Prosecco is a drink, not a personality trait

I’m not one for conspiracy theories but, towards the end of last year, I felt there were dark and sinister forces at work.

It happened in a supermarket. I was jolted out of my usual autopilot, slammed my basket on the floor and exhaled a stream of expletives at a higher volume than intended. ‘Seriously?’ I kept repeating. 

I was never going to get a response because the cause of my rage was a simple fishcake. Except it wasn’t simple. It had undergone the fishcake equivalent of a vajazzling and had a Prosecco ‘melting middle’. The nearest Prosecco should be to a fishcake is in a glass before eating one, not oozing out of it like pus.

It didn’t end there. Lying in wait in another aisle was a stack of signs in distressed wood telling me that ‘Home Is Where The Prosecco Is.’ By this time, I was the one who was distressed. 

My way to the checkout was paved with Prosecco-scented candles. Would I go to someone’s house and be able to identify a top note of Prosecco in the air? I seriously doubt it. Do I want my house to smell like a wine bar? Definitely not.

I am beyond bored and perturbed by the idolisation of this drink and its relentless marketing as the cure to all of life’s ills.

An alien landing on earth might reach the conclusion that Prosecco, rather than oil, is the valuable commodity here and that we are a nation fuelled by it. In March 2019, trade publication The Drinks Business set out the 10 biggest drinks trends of the century to date: Prosecco had expanded tenfold in a decade. 

Until 2018, over a quarter of exported Prosecco was consumed in the UK. According to Drinks International, Prosecco DOCG (the premium end of the market) reached record sales in 2019. While sales have dipped slightly, especially during the pandemic, it appears that the bizarre, talismanic power of Prosecco has not.

A casual browse on the high street leaves me with the impression that women – and it is women who are clearly the target audience – don’t need careers, friends or interests, they just need Prosecco, preferably by way of a mobile drip. How could they possibly function otherwise? 

Looking for a birthday card, I find myself wading through forests of glittered guff trilling at me that I should ‘Keep Calm and Drink Prosecco’ and with the festive season upon us, the Prosecco juggernaut is in overdrive. 

You don’t even have to worry about having any agency in your own life. Oops! Prosecco made you do it, according to the vast array of plaques and wall art available

Leafing through a gift catalogue, I saw it was saturated with the stuff. Mugs, coasters and prints emblazoned with ‘She Believed She Could Especially After Prosecco’ (in pink, of course) had me heading straight for the shredder. 

Based on the marketing, you would think that women are a pink-obsessed, vapid bunch, prone to hysteria. But Prosecco is, apparently, the answer to all problems.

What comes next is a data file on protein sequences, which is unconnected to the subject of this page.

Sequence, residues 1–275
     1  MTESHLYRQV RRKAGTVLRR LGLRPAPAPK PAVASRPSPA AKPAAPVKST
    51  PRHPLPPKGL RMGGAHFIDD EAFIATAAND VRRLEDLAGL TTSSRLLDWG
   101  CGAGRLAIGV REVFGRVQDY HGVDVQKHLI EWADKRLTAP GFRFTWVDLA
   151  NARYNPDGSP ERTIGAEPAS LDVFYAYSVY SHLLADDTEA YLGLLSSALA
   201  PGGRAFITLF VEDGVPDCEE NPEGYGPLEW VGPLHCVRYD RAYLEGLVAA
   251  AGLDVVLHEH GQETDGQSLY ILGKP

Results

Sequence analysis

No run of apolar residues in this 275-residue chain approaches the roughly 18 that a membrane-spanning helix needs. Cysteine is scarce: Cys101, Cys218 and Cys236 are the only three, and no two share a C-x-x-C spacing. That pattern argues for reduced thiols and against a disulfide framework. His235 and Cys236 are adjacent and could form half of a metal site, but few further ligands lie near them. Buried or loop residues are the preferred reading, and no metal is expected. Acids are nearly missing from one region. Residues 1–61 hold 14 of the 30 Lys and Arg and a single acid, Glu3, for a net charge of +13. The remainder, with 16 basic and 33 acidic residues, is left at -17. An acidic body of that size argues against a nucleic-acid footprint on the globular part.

Worried about gaining weight? Don’t be – the availability of ‘skinny’ Prosecco means that you can dive into those bottomless brunches guilt-free. 

Low in self-confidence? Here’s a fridge magnet to remind you that Prosecco is ‘how classy people get s***faced’ and making Prosecco disappear could be your ‘superpower’.

You don’t even have to worry about having any agency in your own life. Oops! Prosecco made you do it, according to the vast array of plaques and wall art available.

You can ‘live, laugh, love’ all under this drink’s benevolent umbrella. 

However, this consistent advertising push for women to get mullered on it sits uncomfortably when set against the general rise of problematic drinking during lockdown. Alcohol Change UK commissioned research from Opinium into drinking habits during lockdown and found that one in five of the drinkers they surveyed, which scales up to reflect around 8.6 million adults, said they had been drinking more frequently.

Where Prosecco leads, others are likely to follow. The Drinks Business states that Prosecco sales are being dented by increased competition from gin. While there is plenty of ‘Gin o-clock’ merchandise around, at Christmas more than ever, Prosecco’s crown is firmly affixed.

This also means more additions to the ‘Frankenfood’ department (see the oozing fishcakes). If Prosecco is not enough in liquid form, there are plenty of solid options to ensure your palette is not deprived: instant pasta in a Prosecco and mushroom sauce; Prosecco-flavoured cheese; Prosecco gums for when you need a sweet hit; gourmet Prosecco flavoured popcorn. Festive edition Prosecco and Pink Peppercorn Pringles? Try explaining that one in a school lunch box debate on Mumsnet.

What next? Tequila turkey with Sambuca stuffing? Currently, it looks like we are incapable of ingesting food unless it is soused in alcohol. 

In 2018, the advertising watchdog banned an advert by B&M Stores for a Prosecco glass that could fit an entire bottle inside it that carried the accompanying text: ‘The perfect gift for Prosecco lovers!’ It’s not enough to simply enjoy a glass of the stuff from time to time, we now must define ourselves through our love of it, as though Prosecco drinking were a personality trait or particularly consuming hobby.

In October, The Drinks Report featured PINK Prosecco, one of the first brands to launch a Prosecco rosé. I’m steeling myself for the onslaught. 

This gradual ‘proseccotisation’ is insulting at best and at worst, damaging. Its link with dieting is particularly insidious (there are less calories in a Prosecco than a banana! It’s dairy free!).

I’m no teetotaller. I enjoy a drink, but please can we stop now with the same tired trope of lazy marketing. It may be hard to believe from the merchandise, but there is more to life than Prosecco.

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